Keywords: low back pain, back extensor muscle fatigability, body mass index
Abstract: The purpose of this study was to determine the effect of pelvic stabilization during resistance training on the development of isometric lumbar extension strength (torque output) when testing and training are conducted on a lumbar dynamometer. Eighteen healthy volunteers were randomly assigned to one of two groups that trained on a lumbar extension dynamometer: One trained with pelvic stabilization (n = 9 ) and the other trained without pelvic stabilization (n = 9 ). Peak isometric lumbar extension torque was measured on the dynamometer at seven angles over the full range of lumbar flexion, before and…after a twelve-week, one time per week dynamic progressive resistance exercise program. Following training, peak isometric torque increased for the stabilization and without stabilization groups (average increase of 15.8 ± 11.8 % and 20.6 ± 17.2 % , respectively; p ≤ 0.05 ), while there was no difference in torque production between the groups (p > 0.05 ). This study demonstrates that pelvic stabilization is not required during training to develop lumbar extension strength when testing and training are conducted on the same machine.
Abstract: Objective: Nicotine and caffeine are vasoconstrictors. Complex regional pain syndrome (CRPS) is defined to involve disproportionate pain and autonomic dysfunction . The objectives of this study were to identify the prevalence of smoking and caffeine intake in CRPS, to explore the relationship of pain intensity with smoking and caffeine consumption, and to explore the relationship of pain intensity, anxiety and disability among CRPS patients who smoke, use caffeine, or both. Design: One hundred eleven patients, with CRPS type I or II, from two academic rehabilitation pain clinics were reviewed. Data were collected retrospectively by reviewing CRPS patients’ self-reported…pain level using visual analogue scales (VAS), Beck Depression Inventory (BDI), Pain Disability Index (PDI), and Pain Anxiety Symptoms Scale (PASS). Status of daily smoking and caffeine consumption were also recorded. Results: Smoking prevalence among CRPS was significant higher than the national average (p < 0.001 ). There were no significant relationships between the perceived pain level and either daily smoking, daily caffeine intake, or both (p > 0.430 ). In patients with CRPS I higher PASS scores were positively associated with dichotomous use of smoking and caffeine (p < 0.05 ). The PASS scores among patients with CRPS II were not available for analysis. Conclusions: The smoking prevalence was higher than the national average among patients with CRPS I and II. Among patients with CRPS I smoking and caffeine consumption were greater in those who reported more pain-related anxiety, but did not influence pain intensity. The clinical implications of these findings will be discussed.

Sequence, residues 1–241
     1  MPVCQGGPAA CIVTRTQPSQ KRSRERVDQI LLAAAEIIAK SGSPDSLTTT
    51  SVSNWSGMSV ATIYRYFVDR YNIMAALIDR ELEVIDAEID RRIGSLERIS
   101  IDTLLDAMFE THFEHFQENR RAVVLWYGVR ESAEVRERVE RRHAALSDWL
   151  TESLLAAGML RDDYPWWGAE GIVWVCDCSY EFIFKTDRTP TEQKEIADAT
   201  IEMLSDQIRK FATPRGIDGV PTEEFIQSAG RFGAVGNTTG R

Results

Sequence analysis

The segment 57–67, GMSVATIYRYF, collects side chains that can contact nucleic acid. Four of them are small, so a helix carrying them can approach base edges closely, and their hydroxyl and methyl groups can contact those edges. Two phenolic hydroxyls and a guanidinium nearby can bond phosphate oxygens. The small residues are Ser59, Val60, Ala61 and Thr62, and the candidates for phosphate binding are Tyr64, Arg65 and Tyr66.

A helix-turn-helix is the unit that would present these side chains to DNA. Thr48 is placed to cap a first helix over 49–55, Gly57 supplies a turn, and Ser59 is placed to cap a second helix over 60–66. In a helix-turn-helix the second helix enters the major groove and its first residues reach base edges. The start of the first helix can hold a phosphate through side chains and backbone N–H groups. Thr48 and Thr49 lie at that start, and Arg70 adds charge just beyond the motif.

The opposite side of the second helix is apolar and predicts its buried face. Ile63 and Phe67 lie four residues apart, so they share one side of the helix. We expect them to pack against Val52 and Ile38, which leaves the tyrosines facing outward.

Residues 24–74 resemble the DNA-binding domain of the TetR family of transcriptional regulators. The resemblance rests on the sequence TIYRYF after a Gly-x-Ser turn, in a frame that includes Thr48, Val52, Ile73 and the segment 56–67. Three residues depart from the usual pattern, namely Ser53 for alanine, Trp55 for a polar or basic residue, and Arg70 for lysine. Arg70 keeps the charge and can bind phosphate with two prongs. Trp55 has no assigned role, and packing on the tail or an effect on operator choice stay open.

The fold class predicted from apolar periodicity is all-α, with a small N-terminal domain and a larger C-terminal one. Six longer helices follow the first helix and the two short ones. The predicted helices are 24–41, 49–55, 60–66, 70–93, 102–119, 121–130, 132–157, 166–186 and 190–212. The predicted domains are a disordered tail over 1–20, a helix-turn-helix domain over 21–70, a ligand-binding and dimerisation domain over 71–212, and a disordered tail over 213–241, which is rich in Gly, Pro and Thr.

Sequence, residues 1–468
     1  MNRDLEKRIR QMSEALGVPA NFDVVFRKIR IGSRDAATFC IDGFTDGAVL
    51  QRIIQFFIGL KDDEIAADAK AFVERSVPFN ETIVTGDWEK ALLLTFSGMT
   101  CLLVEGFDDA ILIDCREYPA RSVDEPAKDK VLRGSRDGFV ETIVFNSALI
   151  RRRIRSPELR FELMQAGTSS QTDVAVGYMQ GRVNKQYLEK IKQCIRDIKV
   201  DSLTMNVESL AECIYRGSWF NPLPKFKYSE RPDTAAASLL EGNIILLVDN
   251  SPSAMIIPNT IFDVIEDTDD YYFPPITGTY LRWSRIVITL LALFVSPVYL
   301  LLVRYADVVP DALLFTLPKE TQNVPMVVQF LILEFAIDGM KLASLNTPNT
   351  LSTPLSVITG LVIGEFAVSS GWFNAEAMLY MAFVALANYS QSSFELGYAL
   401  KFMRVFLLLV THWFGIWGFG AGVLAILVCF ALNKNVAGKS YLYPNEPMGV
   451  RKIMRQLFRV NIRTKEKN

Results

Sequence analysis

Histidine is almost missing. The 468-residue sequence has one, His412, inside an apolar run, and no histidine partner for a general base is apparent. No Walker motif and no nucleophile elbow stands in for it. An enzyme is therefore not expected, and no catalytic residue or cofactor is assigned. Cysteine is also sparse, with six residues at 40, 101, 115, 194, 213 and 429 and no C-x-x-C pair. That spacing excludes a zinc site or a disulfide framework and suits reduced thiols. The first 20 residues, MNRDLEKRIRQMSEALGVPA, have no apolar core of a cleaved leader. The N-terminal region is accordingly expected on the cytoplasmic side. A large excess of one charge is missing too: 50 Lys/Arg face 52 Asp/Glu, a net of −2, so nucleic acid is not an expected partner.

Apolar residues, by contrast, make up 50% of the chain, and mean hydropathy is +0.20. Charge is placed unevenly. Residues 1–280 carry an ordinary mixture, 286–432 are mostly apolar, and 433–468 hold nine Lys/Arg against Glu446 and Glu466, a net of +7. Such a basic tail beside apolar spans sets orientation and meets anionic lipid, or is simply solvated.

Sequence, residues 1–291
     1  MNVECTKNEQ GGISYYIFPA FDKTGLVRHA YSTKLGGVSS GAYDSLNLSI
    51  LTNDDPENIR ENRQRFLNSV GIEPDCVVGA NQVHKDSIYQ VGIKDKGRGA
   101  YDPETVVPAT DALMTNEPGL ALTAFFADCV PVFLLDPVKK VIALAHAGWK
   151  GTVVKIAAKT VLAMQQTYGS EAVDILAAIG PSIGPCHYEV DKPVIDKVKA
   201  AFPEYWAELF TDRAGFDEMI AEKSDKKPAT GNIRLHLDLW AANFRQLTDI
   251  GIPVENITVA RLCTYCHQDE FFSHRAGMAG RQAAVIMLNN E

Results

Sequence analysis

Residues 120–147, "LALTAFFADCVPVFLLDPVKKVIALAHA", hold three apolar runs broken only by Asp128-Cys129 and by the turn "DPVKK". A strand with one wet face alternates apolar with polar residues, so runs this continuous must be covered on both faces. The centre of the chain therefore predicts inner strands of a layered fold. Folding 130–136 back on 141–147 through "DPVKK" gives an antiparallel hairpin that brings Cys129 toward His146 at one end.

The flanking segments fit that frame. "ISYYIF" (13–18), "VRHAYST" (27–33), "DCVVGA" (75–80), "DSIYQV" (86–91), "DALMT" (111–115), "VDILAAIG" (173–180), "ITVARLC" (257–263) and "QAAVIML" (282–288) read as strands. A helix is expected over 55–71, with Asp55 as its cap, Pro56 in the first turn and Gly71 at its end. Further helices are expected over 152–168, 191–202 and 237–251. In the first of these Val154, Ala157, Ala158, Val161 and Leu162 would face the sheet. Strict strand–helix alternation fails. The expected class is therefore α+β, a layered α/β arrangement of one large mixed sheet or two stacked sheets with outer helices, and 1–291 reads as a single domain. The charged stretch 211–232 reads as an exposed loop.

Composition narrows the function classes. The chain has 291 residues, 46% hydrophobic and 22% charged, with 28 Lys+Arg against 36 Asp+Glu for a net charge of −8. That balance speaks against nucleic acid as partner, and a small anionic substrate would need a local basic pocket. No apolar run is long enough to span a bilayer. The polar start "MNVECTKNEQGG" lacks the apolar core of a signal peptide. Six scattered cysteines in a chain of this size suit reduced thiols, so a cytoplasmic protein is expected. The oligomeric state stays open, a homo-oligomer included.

Abstract: The subjective complaints of 866 WAD (whiplash associated disorders) patients were recorded at a follow-up examination some 32 months after the accident. The complaints were compared to a number of relatively objective examinations – X-ray, CT, MRI, EMG, Bone scan, and clinical assessment. Neck pain and radiating pain to the limbs were the major complaints. The big majority of the X-rays findings, both primary and late (98%), were found either non-pathological or indicating degenerative changes and old fractures. All positive CT and MRI findings not related to known degenerative changes and old fractures were considered relevant. Bone-scan and clinical…findings not related to old injuries were considered to be relevant to the WAD. Positive EMG findings were considered relevant except for those related with incidental CTS. Comparing the various testing modalities, CT and EMG were found positive in 25% and 33% of the tested sample (11% and 12% of the whole WAD patients), accordingly. Bone-scan and MRI were conducted in a much smaller sample of the patients, and only 33% and 25% (3% and 2% of the whole population) were found pathologic, accordingly. Clinically, C-C (chin-chest touch) and RoM tests identified 75 (9%) and 58 (7%) of the pathologic population, accordingly. Excluding degenerative changes and incidental CTS, only 25% of the patients had any objective supporting findings.
Abstract: Anterior shoulder dislocation can secondarily cause nerve injury and/or rotator cuff tear. An elderly male with a recent shoulder dislocation and multiple medical comorbidities was transferred to a rehabilitation inpatient service in order to maximize his functional status. Physical exam suggested a brachial plexus injury. Electrodiagnostic testing confirmed a complete musculocutaneous and a partial axillary nerve lesion. This specific combination of nerve lesions is a previously unreported complication of anterior shoulder dislocation. Prognosis and treatment are discussed, particularly the use of electrodiagnostic findings to tailor rehabilitation program design.